The Yiddish Speakers Who Stayed Behind


We generally think of Yiddish as the language that Jews spoke in the shtetls of Eastern Europe before WWII, and of its surviving speakers as having long-ago resettled across various continents. We don’t tend to think about the native Yiddish speakers who remained in the shtetls. Luckily, some researchers in Bloomington, Indiana have.


From 2002 to 2012, linguist Dov-Ber Kerler and historian Jeffrey Veidlinger interviewed almost 400 elderly Yiddish speakers scattered across rural Ukraine, Moldova, Romania, Hungary, and Slovakia and documented their journeys in photographs and video. They named their project AHEYM for its double meaning: It both means “homeward” in Yiddish, and is an acronym for “Archives of Historical and Ethnographic Yiddish Memories.”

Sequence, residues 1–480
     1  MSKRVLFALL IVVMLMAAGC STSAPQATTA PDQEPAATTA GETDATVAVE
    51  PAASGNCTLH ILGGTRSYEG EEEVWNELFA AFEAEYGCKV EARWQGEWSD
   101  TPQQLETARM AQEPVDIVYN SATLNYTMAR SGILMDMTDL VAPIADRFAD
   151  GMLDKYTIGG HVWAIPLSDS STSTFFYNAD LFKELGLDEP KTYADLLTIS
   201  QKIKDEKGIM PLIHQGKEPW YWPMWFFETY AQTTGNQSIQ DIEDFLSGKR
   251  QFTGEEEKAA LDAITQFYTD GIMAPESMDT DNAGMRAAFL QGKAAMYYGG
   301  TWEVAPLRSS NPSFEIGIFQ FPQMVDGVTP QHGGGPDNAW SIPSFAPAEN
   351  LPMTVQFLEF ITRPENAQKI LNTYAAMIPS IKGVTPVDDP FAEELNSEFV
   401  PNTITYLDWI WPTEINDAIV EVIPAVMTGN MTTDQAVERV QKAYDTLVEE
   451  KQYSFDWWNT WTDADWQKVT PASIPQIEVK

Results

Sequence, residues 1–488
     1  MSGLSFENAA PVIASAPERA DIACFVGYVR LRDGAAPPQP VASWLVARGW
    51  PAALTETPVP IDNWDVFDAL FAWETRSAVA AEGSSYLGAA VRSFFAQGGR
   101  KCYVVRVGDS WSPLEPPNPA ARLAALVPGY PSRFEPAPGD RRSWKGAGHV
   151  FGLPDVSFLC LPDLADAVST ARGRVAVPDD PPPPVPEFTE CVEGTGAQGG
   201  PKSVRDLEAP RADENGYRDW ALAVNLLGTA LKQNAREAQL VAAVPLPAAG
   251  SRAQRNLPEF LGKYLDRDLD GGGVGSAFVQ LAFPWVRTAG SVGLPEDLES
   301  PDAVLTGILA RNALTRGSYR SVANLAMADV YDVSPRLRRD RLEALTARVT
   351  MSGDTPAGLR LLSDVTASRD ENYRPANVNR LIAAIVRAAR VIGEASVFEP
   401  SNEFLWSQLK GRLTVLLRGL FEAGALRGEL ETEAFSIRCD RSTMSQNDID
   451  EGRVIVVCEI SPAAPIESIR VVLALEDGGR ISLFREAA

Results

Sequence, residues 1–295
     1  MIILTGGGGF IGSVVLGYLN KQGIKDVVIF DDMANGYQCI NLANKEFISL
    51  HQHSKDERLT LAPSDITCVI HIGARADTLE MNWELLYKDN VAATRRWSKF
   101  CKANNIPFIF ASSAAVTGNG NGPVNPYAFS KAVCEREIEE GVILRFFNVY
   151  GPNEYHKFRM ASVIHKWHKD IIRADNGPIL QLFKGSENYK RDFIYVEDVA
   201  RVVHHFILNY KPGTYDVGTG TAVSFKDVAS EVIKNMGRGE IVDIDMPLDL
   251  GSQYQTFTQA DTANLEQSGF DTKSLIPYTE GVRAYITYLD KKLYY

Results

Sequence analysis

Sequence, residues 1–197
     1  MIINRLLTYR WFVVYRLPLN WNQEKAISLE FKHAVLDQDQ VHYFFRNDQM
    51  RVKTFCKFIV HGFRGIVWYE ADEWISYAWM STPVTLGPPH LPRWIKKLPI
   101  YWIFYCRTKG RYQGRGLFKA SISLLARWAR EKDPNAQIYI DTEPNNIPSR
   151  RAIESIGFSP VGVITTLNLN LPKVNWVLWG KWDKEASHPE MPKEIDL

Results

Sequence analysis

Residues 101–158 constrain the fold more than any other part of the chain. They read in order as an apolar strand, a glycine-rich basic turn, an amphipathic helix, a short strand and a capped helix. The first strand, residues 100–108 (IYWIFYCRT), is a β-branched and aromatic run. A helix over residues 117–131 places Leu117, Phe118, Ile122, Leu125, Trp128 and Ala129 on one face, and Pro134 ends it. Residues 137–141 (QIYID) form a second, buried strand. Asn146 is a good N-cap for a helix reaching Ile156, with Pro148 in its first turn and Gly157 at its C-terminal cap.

The extensive online archives are broadly searchable and include such categories as Daily LifeFoodwaysHistorical Events, and Songs, Poems, & Prayer. Go a level deeper and you’ll see that each of those categories lead to more.

Upon searching for a good Purim hamantaschen recipe, for instance, you may be delighted to learn that Donia Presler’s family made them with rice pudding and ate them on Shavues.

If you lose yourself in their memories, just don’t say we didn’t warn you!


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